The tempo is 124 BPM and the track is in the D# minor scale. It plays a simple progression of three minor 9th chords. Okay, let’s start.

 

STEP 1 – Create a new clip, 4 bars long. We start by inserting the root note of our chords, and thus, drawing the main progression. The 1st bar plays D#. The 2nd bar plays A#. The last two bars play C#:

31

It should sound like this:

 

STEP 2 – Create the basic structure of a minor triad, by adding these notes on top of the root note:

32

It should sound like this:

 

STEP 3 – Let’s extend these chords to minor 7th. On top of the basic triad, add these notes, 10 semitones above the root note:

33

It should sound like this:

 

STEP 4 – Finally, let’s create the minor 9th chord. A minor 9th chord contains the same notes as a minor 7th chord (0, 3, 7, 10), but with an additional note, 14 semitones above the root note. This note is basically the 2nd note of the scale, but one octave higher:

34

It should sound like this:

And with all elements:

 


 

 

4) Using Minor 9th and Major 9th Chords

As in Episode 11 from our House Elements Course:

The tempo is 124 BPM and the track is in the G# minor scale. As we covered so far minor triads, minor 7th and minor 9th chords, it is time to combine these with major chords.

 

STEP 1 – Create a new clip, two bars long. Draw this pattern using the progression G# – C# – D#:

41

It should sound like this:

 

STEP 2 – On top of the G#, create a minor 9th chord. Same goes for D#. In terms of C#, we’ll do something different. We’ll create a major 9th chord, by simply shifting the 2nd and 4th notes from the minor chord one semitone up. So, instead of 0, 3, 7, 10, 14 (minor) we’ll have 0, 4, 7, 11, 14 (major):

42

It should sound like this:

 

STEP 3 – Duplicate these 2 bars to extend our progression to 4 bars. In the last bar, move the D# minor 9 to F# minor 9:

43

It should sound like this:

 

STEP 4 – Finally, let’s get that Soulful-House vibe by playing with the length of these chords. Replace the 2x D# minor 9 chords with a long D# minor 9 chord, starting on the 3rd beat of the 2nd bar. Same applies for  the F# minor 9:

44

It should sound like this:

And with all elements:

 


 

 

5) Root Note Shifting

As in Episode 08 from our Deep House Pro Course:

The tempo is 123 BPM and the track is in the C minor scale. It plays a series of three minor 7th chords, with the last chord shifting its root note halfway through the bar. This is a very subtle example, but pay attention to the last bar of this progression.

 

STEP 1 – Create a new clip, 4 bars long. Insert the root note of each chord in every bar. In this case, the progression is C – G – F (descending):

51

It should sound like this:

 

STEP 2 – Now create the minor 7th chords with these notes:

52

It should sound like this:

 

STEP 3 – Duplicate the root note of each chord 1 octave lower:

53

It should sound like this:

 

STEP 4 – Now it’s time to create something interesting in the last bar, where we have the F minor 7th chord. Instead of playing just the root note (F) for the whole bar, we’ll break it in two. The 2nd half of the bar will play A#, creating a very subtle tension just before the end of the progression:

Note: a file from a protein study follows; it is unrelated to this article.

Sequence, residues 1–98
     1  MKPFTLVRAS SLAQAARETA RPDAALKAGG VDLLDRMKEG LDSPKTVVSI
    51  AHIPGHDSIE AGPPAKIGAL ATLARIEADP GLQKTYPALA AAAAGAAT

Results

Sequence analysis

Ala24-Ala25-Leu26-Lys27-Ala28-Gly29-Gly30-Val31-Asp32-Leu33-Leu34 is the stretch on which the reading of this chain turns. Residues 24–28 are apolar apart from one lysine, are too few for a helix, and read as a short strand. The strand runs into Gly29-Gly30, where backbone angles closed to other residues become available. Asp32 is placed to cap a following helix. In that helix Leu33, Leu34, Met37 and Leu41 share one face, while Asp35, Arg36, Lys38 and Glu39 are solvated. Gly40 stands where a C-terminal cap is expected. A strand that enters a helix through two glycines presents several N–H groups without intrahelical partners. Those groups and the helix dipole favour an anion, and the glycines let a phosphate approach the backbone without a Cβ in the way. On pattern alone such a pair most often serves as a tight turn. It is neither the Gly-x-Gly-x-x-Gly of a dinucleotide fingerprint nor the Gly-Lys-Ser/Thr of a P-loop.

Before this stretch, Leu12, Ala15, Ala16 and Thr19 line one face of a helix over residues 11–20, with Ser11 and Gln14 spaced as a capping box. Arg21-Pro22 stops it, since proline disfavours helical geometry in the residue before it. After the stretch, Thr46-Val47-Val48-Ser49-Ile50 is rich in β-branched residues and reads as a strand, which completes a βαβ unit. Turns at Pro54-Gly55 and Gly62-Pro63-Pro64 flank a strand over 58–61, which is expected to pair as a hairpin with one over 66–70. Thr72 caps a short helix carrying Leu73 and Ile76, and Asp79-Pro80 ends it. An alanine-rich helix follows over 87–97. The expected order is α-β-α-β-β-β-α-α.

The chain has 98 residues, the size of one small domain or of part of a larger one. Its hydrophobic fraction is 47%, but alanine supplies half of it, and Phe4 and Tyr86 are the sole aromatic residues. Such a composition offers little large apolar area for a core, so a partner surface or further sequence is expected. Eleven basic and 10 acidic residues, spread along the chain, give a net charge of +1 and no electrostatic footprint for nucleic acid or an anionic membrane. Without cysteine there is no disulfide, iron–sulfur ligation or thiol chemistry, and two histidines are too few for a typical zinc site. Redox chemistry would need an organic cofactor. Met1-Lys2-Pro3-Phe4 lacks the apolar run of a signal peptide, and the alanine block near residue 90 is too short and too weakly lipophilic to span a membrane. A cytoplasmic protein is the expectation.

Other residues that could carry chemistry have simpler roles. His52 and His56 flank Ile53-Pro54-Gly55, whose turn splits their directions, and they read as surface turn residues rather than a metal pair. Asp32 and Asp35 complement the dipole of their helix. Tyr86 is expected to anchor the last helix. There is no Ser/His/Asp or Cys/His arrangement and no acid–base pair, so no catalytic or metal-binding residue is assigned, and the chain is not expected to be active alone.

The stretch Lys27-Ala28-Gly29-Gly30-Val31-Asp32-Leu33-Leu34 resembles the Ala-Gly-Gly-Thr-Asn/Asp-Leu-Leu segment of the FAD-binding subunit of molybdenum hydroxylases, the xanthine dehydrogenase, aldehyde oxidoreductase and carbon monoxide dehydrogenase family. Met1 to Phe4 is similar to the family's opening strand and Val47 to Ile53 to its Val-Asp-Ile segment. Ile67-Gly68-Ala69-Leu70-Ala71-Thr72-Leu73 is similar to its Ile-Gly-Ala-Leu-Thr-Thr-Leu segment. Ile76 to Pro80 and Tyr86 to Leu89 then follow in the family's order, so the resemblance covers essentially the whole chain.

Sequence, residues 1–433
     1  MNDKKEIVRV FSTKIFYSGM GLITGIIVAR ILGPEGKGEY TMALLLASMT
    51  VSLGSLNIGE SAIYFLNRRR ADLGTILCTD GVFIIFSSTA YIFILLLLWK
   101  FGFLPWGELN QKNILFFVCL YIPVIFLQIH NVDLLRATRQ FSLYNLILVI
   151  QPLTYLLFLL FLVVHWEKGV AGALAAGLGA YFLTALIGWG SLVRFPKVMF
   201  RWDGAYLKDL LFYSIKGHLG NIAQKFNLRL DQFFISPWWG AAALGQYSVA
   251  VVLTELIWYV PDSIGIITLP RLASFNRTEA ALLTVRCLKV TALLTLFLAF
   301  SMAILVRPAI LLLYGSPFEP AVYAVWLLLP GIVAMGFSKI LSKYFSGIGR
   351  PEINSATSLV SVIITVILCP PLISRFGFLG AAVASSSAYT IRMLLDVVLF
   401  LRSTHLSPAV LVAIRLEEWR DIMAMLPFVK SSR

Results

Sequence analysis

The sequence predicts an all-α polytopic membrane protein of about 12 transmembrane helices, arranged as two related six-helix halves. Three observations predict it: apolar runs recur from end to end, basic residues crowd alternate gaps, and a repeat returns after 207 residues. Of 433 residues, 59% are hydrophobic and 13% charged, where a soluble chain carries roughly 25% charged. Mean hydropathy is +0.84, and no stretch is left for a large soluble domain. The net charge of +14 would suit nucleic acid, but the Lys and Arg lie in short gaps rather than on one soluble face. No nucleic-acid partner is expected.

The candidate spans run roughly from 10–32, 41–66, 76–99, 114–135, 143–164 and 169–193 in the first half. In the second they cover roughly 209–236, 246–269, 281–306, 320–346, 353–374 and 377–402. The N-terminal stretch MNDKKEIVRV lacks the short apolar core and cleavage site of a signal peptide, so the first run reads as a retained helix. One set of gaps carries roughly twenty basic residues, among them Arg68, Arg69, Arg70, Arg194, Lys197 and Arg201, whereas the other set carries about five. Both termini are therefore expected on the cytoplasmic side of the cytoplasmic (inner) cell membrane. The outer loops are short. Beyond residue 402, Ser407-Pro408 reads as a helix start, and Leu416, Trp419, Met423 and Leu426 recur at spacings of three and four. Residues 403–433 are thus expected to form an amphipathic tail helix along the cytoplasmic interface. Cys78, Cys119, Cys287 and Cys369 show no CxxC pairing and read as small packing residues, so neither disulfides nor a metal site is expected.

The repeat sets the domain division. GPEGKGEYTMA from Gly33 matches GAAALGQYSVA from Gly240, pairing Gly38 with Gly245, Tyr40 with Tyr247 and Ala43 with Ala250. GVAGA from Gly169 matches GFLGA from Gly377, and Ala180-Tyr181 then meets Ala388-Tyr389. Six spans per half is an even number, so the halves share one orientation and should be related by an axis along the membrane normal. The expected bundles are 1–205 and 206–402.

54

It should sound like this:

And with the bassline:

 


 

6) Using Sampled Chords

As in Construction Kit 9 from our Deep House Maniac Pack:

The tempo is 124 BPM and the track is in the C minor scale. Here we sampled the original chord, loaded it into Simpler and played each chord with one note. This is an easy way for beginners to come up with a good chord progression. Let’s see how to do this.

 

STEP 1 – Insert a new MIDI Track with an Instrument loaded with your chord preset. Create a new clip and insert a minor 7th/ minor 9th/ major 7th/ major 9th or any chord…

What we’ll do is to sample this chord into an audio file that we can insert into Ableton’s Simpler Instrument and thus, we can trigger the entire chord with just one note. So, to sample this chord, insert a new Audio Track, and from the “Audio From” option, select “Resampling“. Arm this Audio Track for Recording, click play on your MIDI clip and click record on the Audio Track. The chord will be recorded into an audio file:

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STEP 2 – Insert a Simpler (or any sampler instrument) on a new MIDI Track and drag the recorded audio file into the Simpler. Now you can play the entire chord with just one note. In this example, we played these notes:

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It sounds like this:

 

STEP 3 – Ableton’s Simpler provides some powerful sample editing features and you can get some really interesting sounds. For example, put a Low-pass filter with the LFO set to maximum at 1/8:

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How it sounds now:

And with all elements:

 


 

That’s it!

 

We hope you enjoyed this post and if you found it useful, don’t forget to share it!

If you have any questions or suggestions get in touch with us at hi@promusicproducers.com.

 

Learn how to produce 93 House Tracks.